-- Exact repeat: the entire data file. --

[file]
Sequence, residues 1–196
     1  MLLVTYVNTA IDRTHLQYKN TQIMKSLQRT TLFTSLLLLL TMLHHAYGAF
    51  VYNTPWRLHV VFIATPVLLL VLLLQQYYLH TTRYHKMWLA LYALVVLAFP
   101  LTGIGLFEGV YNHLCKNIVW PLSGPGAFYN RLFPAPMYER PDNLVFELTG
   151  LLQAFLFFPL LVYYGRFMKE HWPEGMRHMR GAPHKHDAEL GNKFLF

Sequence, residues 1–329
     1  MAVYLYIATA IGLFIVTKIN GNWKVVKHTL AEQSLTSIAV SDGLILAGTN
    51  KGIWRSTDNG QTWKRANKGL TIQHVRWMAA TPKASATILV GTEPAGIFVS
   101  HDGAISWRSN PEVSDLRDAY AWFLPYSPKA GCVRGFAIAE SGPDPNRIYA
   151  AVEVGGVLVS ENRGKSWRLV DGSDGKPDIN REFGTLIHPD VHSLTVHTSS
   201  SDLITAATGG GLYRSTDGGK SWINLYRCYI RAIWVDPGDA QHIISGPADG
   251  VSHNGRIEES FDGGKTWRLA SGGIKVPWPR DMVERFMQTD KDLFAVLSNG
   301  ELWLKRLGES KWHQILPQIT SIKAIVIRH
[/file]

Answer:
Sequence, residues 1–196
     1  MLLVTYVNTA IDRTHLQYKN TQIMKSLQRT TLFTSLLLLL TMLHHAYGAF
    51  VYNTPWRLHV VFIATPVLLL VLLLQQYYLH TTRYHKMWLA LYALVVLAFP
   101  LTGIGLFEGV YNHLCKNIVW PLSGPGAFYN RLFPAPMYER PDNLVFELTG
   151  LLQAFLFFPL LVYYGRFMKE HWPEGMRHMR GAPHKHDAEL GNKFLF

Sequence, residues 1–329
     1  MAVYLYIATA IGLFIVTKIN GNWKVVKHTL AEQSLTSIAV SDGLILAGTN
    51  KGIWRSTDNG QTWKRANKGL TIQHVRWMAA TPKASATILV GTEPAGIFVS
   101  HDGAISWRSN PEVSDLRDAY AWFLPYSPKA GCVRGFAIAE SGPDPNRIYA
   151  AVEVGGVLVS ENRGKSWRLV DGSDGKPDIN REFGTLIHPD VHSLTVHTSS
   201  SDLITAATGG GLYRSTDGGK SWINLYRCYI RAIWVDPGDA QHIISGPADG
   251  VSHNGRIEES FDGGKTWRLA SGGIKVPWPR DMVERFMQTD KDLFAVLSNG
   301  ELWLKRLGES KWHQILPQIT SIKAIVIRH